While Porsche pursues synthetic liquid fuels for new and classic engines, several other firms are examining hydrogen. Like construction equipment, racing engines need good transient response, to be robust and to give peak power for sustained periods. However, some of the numbers are very different: whereas JCB’s engine has a specific power output of around 12 kW/l, AVL Racetech is testing an engine with 150 kW/l. The turbocharged, water-injected 2-litre prototype puts out 302 kW (410 hp) at 6,500 rpm – with a peak torque of 505 Nm at 4,000 rpm.

 

close up view of engine out of vehicle

AVL Racetech is testing an engine with 150 kW/l – the turbocharged, water-injected 2-litre prototype puts out 302 kW (410 hp) at 6,500 rpm   
Photo: AVL Racetech

 

The Le Mans 24-hour race will include FC and ICE hydrogen cars from 2026. Bosch and Ligier demonstrated the 420 kW, 3-litre JS2 RH2 car at last year’s event.

 

Toyota also unveiled its GR H2 racing concept at Le Mans last year. The firm previously entered a hydrogen Corolla into the 2021 Fuji 24-hour race. This three-cylinder, 1.6-litre turbocharged car completed over 1,600 km, but the team spent four hours refuelling – in 35 seven-minute sessions – and eight hours on maintenance and inspection. Since then, Toyota has competed each year – in 2023 with liquid hydrogen fuel – and has demonstrated a hydrogen version of its GR Yaris rally car.

 

Toyota is also associated with HySE (Hydrogen Small mobility and Engine technology), a Japanese research group developing hydrogen-powered engines for ‘small mobility’ applications. The group’s HySE-X1 buggy successfully completed this year’s Dakar Rally, powered by a supercharged 1-litre motorcycle engine.

 

 

The simplest fuel of all?

Hydrogen seems like a perfect fuel: without carbon, it can’t produce CO2 or sooty particulates. Burning hydrogen in oxygen produces only heat and water vapour. But only 21% of our atmosphere is oxygen – 78% is nitrogen, and at high temperatures this reacts to create nitrogen oxides (NOx). These are bad for air quality and promote damage to the ozone layer. And in practice, a tiny amount of CO2 is produced as some lubricating oil gets past the piston rings and is burned in the combustion chamber.

 

Hydrogen is not a straight alternative to fossil liquid or gaseous fuels. It can be burned over a wide range of mass air/fuel ratios (λ or lambda), so you can tailor the mixture for different characteristics. The stoichiometric (‘ideal’) ratio is where λ=1. Running ‘lean’ – with more air – improves the overall thermal efficiency. Although a petrol engine can’t go much leaner than λ=2, a hydrogen engine can operate at λ=5 or more.

 

Racing applications need more power, so they run richer (lower λ). Hydrogen’s flame speed is high, so higher operating speeds are possible. And the quenching distance is smaller, using more of the combustion chamber. Hydrogen resists uncontrolled ignition due to compression (‘knock’), so it can be used at higher compression ratios, again improving efficiency. But easy ‘pre-ignition’ means combustion can occur in the intake, so racing engines use water injection to cool the mixture.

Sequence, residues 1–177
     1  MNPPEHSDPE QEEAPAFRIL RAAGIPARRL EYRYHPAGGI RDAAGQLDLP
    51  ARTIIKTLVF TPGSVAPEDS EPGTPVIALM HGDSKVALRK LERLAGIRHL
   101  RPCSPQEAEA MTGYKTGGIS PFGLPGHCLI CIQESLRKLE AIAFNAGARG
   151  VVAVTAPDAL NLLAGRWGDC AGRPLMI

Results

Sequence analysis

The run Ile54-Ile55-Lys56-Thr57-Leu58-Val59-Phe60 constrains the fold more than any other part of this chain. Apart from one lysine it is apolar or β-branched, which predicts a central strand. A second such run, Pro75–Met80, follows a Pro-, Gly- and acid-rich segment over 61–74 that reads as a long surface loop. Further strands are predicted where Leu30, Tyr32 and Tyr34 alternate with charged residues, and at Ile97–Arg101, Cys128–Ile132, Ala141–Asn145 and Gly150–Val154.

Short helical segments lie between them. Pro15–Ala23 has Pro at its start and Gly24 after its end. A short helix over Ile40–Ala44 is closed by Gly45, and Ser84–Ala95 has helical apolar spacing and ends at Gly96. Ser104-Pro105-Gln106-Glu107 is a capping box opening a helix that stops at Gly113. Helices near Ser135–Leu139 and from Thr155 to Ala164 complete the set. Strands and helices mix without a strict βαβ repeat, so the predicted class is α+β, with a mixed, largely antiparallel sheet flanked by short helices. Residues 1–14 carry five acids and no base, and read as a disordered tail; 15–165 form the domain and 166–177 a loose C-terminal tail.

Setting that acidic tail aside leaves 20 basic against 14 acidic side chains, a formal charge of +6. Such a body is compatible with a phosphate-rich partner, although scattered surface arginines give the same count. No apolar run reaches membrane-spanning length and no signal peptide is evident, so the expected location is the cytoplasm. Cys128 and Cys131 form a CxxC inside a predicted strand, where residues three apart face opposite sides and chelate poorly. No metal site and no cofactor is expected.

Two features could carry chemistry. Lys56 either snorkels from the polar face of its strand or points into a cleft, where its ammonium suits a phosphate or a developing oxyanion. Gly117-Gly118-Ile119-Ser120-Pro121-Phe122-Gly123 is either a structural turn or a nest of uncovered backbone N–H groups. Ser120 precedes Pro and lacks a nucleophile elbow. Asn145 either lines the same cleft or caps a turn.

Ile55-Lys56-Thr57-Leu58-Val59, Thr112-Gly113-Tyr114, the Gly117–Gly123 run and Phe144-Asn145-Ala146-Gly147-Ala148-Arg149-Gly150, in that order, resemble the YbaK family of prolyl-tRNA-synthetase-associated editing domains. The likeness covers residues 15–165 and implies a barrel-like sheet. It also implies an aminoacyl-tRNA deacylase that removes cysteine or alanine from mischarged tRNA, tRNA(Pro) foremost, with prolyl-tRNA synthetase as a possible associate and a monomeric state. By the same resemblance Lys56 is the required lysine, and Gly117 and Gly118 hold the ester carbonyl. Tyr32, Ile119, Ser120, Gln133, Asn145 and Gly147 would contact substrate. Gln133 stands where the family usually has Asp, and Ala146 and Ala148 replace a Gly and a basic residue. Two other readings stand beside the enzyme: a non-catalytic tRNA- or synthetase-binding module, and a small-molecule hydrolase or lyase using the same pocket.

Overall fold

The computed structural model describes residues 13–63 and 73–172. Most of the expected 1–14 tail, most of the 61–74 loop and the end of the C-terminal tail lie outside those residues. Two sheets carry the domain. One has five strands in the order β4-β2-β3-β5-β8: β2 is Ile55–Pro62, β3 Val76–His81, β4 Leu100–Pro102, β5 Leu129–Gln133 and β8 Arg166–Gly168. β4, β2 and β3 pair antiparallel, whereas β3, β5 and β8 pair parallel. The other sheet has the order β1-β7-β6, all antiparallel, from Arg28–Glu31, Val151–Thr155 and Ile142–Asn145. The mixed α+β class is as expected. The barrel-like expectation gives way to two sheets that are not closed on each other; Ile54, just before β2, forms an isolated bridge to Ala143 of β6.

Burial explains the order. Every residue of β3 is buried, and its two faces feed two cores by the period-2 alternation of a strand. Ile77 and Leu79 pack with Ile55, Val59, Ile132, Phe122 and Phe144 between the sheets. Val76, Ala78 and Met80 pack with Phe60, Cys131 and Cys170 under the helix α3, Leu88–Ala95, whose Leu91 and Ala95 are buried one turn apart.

NOx emissions can be removed with a diesel-style catalytic converter, or exhaust gas recirculation (EGR) and other techniques to reduce combustion temperature. But the most significant way to eliminate NOx is to run lean (λ>2).

 

JCB uses indirect (port) fuel injection, but some manufacturers favour direct-injection (DI) systems at high pressures (150–300 bar) to overcome pre-ignition – and to inject more hydrogen, raising power outputs.

 

Liquid hydrogen fuelling allows cryogenic port injection (CPI), where low-temperature hydrogen cools the inlet air, improving thermal efficiency – the European Union’s HYICE project reportedly achieved 44%.

 

 

 

Energy density   

The energy density of a fuel can be measured in terms of energy (in Megajoules) per unit of mass (MJ/kg) or per unit of volume (MJ/l).

 

Hydrogen’s energy density by mass is about 120 MJ/kg, compared with 44 MJ/kg for petrol. But hydrogen gas is so light (84 g/m3 at atmospheric pressure, compared with 1,203 g/m3 for air and 700,000 g/m3 for liquid petrol) that for a given volume its energy density is very low.

 

Most hydrogen-powered vehicles store the gas under high pressure (often 700 bar) in tanks of carbon fibre composites. But even at this pressure, one litre of hydrogen weighs just 40 grammes – providing the same energy content (4.8 MJ) as 109 grammes of petrol. A litre (700 grammes) of petrol provides 31 MJ of energy – or over six times that provided by hydrogen.

 

Liquid hydrogen looks promising as you can store around 75% more hydrogen as a liquid at atmospheric pressure than as a gas at 700 bar. But it must be kept at –253°C; and even with a vacuum-insulated tank, ambient heat warms the fuel. This turns it into gas, which needs to be bled off to keep the pressure down; BMW’s Hydrogen 7 would bleed off all its fuel in a fortnight.

 

In trucks or other vehicles which are refuelled daily, liquid hydrogen is more feasible. But its volumetric energy density is still much lower than petrol or diesel: one litre weighs around 71 grammes, giving you 8.5 MJ – barely a quarter of the energy of the same volume of petrol or diesel.

 

 

  • Further reading: ‘Largest US liquid green hydrogen plant commissioned’. Plug Power has started production of liquid green hydrogen at its vertically integrated plant in Georgia, claimed to be the largest electrolytic liquid hydrogen production plant and largest PEM (proton exchange membrane) electrolyser deployment currently operating in the US.
  • Find more about Air Liquide and Siemens Energy’s joint venture gigawatt electrolyser factory in Berlin, Germany, which aims to manufacture low-carbon hydrogen at industrial scale and competitive cost.